How could radical minded folks make quality bikes available to the masses?

on a related note--read this:
Don’t drink the bottled water,
it’s stolen. It came from the mountain
and flowed through the town,
where people drank and swam,
where they pissed under the sun, where
they let their sewage collect downstream
where it quaked and stank
until the rains flooded
and swept the banks clean. Who
can deny it? Man is a beast.
He thirsts and goes mad without water.
His shit stinks, but water washes it away.
He raises his face to the warm rain
and heedlessly thanks the heavens.
Tell me, friend, who owns the clouds?
Who owns the time of day the rain falls?
Who owns the riverbed and the cracks in the earth?
MORE


More later--

2 comment(s):

I was actually kind of thinking about restrictions on travel in relation to flying. Airport restrictions are so everpresent these days, and every month it seems like there's another one. Is this making people reconsider travel? I would think so. And what does that mean?

Sometimes I wonder if they're just trying to see how much we'll bend over backwards for them.

Anyway, it's a really interesting post, thanks.

By Blogger lovelesscynic, at 7/01/2007 3:53 AM  

well.... bikes are a hell of a lot cheaper then cars, and plenty of poor folks have cars. hell, I've even managed to beg and borrow enough to get a truck recently after more then 10 years of biking or walking everywhere, just because there are some places you can't easily bike or walk or take public transportation too. and I'm about as broke as it's possible to be without being homeless...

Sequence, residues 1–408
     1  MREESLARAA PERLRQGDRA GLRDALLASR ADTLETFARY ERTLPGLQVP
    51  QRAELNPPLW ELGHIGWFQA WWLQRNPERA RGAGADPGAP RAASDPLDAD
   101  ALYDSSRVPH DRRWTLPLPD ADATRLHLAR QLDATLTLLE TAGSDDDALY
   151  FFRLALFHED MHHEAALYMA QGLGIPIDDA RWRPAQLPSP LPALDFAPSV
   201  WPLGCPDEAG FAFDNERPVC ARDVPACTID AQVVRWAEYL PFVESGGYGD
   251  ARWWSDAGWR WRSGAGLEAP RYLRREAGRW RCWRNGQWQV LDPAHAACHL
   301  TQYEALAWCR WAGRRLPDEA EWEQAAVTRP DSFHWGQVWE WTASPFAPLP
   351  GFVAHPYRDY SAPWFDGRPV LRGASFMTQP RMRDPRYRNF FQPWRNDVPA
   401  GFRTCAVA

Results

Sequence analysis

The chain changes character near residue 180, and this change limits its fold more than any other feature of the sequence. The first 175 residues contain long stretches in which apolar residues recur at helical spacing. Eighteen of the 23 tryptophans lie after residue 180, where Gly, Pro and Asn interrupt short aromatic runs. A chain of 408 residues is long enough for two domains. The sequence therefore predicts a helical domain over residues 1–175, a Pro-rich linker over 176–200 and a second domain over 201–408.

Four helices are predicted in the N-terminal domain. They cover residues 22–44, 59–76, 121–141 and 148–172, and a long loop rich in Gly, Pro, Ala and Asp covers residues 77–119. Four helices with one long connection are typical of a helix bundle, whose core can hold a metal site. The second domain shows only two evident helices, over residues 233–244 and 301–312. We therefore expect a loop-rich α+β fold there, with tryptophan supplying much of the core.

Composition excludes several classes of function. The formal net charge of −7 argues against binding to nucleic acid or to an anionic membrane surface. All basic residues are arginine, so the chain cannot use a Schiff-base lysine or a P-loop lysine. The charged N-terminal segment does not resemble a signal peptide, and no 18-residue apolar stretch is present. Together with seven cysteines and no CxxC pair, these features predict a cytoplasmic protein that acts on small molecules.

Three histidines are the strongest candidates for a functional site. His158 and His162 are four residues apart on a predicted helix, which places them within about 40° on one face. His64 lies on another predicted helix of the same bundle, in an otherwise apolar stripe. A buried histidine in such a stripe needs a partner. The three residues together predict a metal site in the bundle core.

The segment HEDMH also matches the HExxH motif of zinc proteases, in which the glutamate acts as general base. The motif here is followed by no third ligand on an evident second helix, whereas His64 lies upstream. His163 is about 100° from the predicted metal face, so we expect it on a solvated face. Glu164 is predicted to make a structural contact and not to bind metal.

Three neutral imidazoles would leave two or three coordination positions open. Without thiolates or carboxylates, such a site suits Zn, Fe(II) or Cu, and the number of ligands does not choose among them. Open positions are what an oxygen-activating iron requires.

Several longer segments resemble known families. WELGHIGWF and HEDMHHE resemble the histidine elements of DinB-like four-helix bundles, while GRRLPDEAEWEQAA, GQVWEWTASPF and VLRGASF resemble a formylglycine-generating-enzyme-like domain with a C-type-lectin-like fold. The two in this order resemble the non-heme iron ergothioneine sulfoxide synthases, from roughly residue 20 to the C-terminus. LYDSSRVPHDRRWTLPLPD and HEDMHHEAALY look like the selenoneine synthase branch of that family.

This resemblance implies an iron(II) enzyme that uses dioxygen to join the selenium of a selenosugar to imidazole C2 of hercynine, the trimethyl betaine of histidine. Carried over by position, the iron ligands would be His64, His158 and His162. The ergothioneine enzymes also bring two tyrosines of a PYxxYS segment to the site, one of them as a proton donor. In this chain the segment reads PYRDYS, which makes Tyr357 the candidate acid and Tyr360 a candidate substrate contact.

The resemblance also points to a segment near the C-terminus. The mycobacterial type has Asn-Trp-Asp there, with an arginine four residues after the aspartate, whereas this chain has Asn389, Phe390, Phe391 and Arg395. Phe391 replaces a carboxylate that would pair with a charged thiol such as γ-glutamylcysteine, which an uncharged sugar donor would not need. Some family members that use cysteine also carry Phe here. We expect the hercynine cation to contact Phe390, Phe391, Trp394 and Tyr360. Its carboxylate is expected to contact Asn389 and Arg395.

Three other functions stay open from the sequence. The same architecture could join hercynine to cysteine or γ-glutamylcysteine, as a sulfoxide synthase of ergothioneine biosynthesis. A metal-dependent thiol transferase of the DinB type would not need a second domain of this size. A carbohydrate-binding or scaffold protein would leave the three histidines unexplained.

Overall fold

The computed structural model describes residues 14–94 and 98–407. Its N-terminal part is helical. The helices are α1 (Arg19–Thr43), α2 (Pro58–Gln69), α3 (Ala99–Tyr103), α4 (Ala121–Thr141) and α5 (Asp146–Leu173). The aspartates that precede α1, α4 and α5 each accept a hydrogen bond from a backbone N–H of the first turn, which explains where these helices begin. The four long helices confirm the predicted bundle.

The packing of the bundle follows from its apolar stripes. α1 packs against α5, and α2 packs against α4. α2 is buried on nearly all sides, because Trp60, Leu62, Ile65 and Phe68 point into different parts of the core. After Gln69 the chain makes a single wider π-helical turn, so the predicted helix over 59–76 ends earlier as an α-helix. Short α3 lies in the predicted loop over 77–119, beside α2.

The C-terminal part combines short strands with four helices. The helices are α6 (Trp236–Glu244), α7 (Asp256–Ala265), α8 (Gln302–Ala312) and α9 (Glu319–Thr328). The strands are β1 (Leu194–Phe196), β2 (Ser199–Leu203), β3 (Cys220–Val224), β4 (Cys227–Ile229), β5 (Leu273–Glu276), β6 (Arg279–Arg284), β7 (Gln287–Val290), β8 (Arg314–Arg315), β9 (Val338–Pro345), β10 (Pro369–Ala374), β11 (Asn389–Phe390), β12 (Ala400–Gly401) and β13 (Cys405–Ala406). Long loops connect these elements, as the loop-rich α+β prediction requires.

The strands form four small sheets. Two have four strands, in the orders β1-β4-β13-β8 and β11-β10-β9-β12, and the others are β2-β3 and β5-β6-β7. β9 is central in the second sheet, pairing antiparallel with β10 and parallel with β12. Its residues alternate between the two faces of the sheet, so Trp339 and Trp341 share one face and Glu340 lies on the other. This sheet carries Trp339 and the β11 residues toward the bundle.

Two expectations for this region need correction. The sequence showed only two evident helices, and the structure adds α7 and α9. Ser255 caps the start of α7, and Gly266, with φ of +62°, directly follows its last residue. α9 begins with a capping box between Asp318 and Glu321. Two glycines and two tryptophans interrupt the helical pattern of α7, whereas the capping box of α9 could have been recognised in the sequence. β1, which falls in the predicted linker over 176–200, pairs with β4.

still, there are a lot of great projects to make bikes available. one great project i ran into when i was hitchhiking through mineapolis some years back. I don't know if it's still going, but at the time there was a community bike library with bike depots around the city, mostly out in front of the many worker-owned businesses that dot Minneapolis. the bikes were nothing fancy, actually they were downright junky and all painted the same ugly yellow color, but for $15 a year you could get a membership to the bike library that allowed you to check out a bike for up to a week at a time. The bikes were all donated or built out of thrown-away parts by an all-volunteer crew that worked out of a community center that was (i think) owned by the Ojibwa tribe (whose reservation actually includes Minneapolis). the tribe provided the space free of charge and the program ran on virtually no funding. the $15 a year went to help cover parts for the bikes. The program was truly amazing and I'd like to see it duplicated elsewhere. there are lots of other models out there as well, what's lacking is people with the time, energy, and skills to make these programs a reality everywhere.

so there you have it, how radical-minded folks are providing bikes to the masses. =)

cheers,
lynxmc

By Anonymous lynx, at 8/06/2007 9:20 PM